The other shoe dropped when Portland received the no. 6 overall pick as part of the trade and used it to take Damian Lillard, who has become a perennial all-star and one of the best players in Trail Blazers history. For what it’s worth, the Nets were able to keep Williams, although they eventually waived him and had to buy out the last two years of his max deal after his performance declined. Re-signing Wallace the following summer didn’t help matters either. He might as well have fallen off a cliff with the way his numbers dropped the following season in what was the beginning of the end of his career. Within a year or so of this trade, the Nets had virtually nothing to show for it while the Trail Blazers used New Jersey’s old draft pick to add a bonafide star.
2. Nets Trade for Kevin Garnett, Jason Terry, and Paul Pierce
Moving to Brooklyn didn’t create enough buzz for the Nets, so they decided to get desperate and trade for aging stars Kevin Durant, Paul Pierce, and Jason Terry in the summer of 2013. At the time, all three were close to 40 than they were to 30, yet the Nets believed that they had somehow put together a super team that overnight would make them a serious contender in the Eastern Conference. We know now that the trade backfired in a big way. The Nets pulled off an upset of the Raptors in the first round of the 2014 playoffs, but that was the peak of what Brooklyn accomplished in the aftermath of the trade.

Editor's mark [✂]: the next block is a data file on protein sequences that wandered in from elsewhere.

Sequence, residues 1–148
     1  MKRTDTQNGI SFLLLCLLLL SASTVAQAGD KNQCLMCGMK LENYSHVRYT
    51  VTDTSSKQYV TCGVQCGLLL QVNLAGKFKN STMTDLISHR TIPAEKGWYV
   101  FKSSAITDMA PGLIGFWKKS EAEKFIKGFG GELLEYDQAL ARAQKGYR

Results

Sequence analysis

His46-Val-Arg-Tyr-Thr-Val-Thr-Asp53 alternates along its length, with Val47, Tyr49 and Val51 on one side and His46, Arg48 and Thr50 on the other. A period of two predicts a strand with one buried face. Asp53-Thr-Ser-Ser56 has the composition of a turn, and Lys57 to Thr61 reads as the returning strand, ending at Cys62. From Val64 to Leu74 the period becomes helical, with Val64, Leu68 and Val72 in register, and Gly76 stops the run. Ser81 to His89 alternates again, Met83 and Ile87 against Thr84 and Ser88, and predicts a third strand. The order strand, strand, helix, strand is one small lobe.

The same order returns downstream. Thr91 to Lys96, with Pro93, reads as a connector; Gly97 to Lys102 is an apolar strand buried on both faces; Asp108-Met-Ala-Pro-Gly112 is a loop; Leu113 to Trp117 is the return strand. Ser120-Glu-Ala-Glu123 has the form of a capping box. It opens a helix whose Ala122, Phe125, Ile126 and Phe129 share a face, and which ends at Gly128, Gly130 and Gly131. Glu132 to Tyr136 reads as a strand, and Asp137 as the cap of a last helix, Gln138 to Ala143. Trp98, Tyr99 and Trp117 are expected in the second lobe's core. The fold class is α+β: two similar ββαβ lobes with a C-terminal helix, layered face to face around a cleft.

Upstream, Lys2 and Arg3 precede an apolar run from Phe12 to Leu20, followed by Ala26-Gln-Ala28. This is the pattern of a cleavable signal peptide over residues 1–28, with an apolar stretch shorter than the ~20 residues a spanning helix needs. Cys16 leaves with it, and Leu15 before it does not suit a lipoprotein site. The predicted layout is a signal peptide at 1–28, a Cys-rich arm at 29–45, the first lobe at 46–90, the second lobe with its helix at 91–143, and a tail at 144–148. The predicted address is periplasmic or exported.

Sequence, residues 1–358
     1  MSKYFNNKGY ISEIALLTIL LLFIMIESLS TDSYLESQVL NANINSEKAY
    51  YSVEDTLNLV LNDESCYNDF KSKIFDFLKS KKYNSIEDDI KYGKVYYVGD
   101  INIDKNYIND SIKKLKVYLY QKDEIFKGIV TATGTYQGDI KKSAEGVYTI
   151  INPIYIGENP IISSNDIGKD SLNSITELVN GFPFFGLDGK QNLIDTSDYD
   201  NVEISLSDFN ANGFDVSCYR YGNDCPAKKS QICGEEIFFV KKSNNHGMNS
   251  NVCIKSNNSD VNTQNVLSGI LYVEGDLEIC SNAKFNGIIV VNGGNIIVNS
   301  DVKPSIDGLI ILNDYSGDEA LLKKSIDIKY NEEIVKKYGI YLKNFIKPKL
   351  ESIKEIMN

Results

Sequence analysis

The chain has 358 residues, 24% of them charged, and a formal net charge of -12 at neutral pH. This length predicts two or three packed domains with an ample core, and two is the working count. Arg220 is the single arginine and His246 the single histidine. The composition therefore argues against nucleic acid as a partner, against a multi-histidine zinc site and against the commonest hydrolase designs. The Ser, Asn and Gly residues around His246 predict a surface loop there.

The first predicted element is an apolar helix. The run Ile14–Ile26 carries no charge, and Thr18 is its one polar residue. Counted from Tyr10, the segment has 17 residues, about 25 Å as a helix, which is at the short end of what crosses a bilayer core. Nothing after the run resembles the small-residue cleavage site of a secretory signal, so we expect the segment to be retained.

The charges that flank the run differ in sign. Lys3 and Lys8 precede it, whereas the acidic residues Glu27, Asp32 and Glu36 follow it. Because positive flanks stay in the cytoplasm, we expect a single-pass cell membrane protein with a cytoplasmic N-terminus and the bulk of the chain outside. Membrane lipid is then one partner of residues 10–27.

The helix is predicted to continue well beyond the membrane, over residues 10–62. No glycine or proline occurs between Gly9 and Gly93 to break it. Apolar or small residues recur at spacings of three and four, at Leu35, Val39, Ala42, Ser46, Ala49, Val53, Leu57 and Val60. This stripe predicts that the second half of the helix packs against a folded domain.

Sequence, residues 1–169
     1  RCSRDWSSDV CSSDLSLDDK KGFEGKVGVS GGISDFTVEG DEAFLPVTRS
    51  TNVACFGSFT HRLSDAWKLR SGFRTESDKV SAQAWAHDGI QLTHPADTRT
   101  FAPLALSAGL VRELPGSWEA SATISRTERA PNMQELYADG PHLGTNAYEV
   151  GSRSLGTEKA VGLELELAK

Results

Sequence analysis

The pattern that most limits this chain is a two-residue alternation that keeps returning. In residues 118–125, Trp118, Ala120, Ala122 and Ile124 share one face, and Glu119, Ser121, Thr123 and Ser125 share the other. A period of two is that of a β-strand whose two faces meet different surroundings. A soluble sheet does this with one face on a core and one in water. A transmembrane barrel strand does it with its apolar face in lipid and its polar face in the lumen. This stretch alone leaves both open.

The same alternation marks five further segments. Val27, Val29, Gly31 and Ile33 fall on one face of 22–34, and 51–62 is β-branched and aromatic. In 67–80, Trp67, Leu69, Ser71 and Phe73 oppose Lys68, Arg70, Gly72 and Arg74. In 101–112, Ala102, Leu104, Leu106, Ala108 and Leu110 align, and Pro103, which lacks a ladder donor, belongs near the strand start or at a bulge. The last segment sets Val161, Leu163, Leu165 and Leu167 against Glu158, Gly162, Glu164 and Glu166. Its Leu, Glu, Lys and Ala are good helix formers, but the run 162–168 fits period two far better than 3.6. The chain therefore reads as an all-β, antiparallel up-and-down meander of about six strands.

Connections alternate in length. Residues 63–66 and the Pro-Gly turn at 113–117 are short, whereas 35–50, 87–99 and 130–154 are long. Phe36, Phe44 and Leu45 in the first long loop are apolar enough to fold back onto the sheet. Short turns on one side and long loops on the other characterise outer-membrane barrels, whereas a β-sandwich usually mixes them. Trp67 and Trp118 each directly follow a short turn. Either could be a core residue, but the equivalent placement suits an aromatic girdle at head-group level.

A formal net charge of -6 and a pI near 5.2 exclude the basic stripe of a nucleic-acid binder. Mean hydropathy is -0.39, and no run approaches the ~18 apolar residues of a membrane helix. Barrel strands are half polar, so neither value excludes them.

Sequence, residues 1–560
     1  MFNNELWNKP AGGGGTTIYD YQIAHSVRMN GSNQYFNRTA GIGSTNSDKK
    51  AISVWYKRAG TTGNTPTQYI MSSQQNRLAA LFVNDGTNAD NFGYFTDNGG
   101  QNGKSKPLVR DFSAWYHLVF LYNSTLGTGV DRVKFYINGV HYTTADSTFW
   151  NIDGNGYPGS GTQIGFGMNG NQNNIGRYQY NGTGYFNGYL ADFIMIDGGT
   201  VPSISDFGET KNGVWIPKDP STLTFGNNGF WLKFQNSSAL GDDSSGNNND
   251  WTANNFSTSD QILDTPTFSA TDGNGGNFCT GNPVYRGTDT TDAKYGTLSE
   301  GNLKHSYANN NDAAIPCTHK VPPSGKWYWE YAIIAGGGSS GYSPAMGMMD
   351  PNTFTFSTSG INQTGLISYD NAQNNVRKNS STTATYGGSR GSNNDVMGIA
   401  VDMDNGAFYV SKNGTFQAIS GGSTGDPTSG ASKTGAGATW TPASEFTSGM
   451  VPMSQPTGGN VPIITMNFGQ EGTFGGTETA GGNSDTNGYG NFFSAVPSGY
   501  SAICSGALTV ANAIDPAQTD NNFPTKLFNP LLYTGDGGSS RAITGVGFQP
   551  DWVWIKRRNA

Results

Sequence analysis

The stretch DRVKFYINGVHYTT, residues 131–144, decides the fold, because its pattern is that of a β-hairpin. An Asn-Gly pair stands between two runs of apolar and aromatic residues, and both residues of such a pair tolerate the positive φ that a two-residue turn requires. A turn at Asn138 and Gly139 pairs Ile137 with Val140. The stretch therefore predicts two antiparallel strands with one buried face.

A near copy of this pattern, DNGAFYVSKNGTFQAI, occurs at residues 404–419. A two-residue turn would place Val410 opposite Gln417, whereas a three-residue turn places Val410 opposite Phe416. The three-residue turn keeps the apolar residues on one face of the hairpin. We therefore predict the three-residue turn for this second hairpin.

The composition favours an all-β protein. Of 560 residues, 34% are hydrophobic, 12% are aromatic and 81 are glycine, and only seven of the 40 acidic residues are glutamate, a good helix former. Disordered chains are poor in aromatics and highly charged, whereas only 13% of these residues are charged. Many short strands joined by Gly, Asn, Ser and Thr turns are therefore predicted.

For what it’s worth, the Celtics didn’t exactly come out of that trade as massive winners. However, they ultimately turned the draft picks from the trade into players like Jaylen Brown and Jayson Tatum, who have become key contributors. Meanwhile, once the likes of Garnett, Pierce, and Terry were completely washed up, the Nets became one of the worst teams in the NBA for multiple seasons and are still in the process of digging themselves out of such a deep hole.
1. Knicks Acquire Andrea Bargnani
Some trades look terrible at the time while others seem to look worse over time. This is one of those rare trades that falls into both categories. Bargnani had peaked during the 2010-11 season, seeing his production (not to mention health) drop-off considerably. Yet, the Knicks insisted on giving up three draft picks, including a first-rounder, as well as Marcus Camby, Steve Novak, and Quentin Richardson to trade for Bargnani. At the time, the trade made no sense for the Knicks, and it got worse when Bargnani continued to miss time due to injury and be a disappointment on the court when he was healthy enough to play.
If it matters, the Raptors didn’t get much out of the deal other than getting rid of the injury-prone Bargnani and the satisfaction that the Knicks ended up the laughing stock of the NBA because of it. Plus, in an unusual twist, the Knicks later backed out of trade talks for Kyle Lowry because the trade with Toronto for Bargnani backfired so much. Of course, Lowry went on to play an important role in the Raptors winning the NBA title in 2019, something that may not have happened if the Knicks weren’t so gun-shy about another trade with Toronto.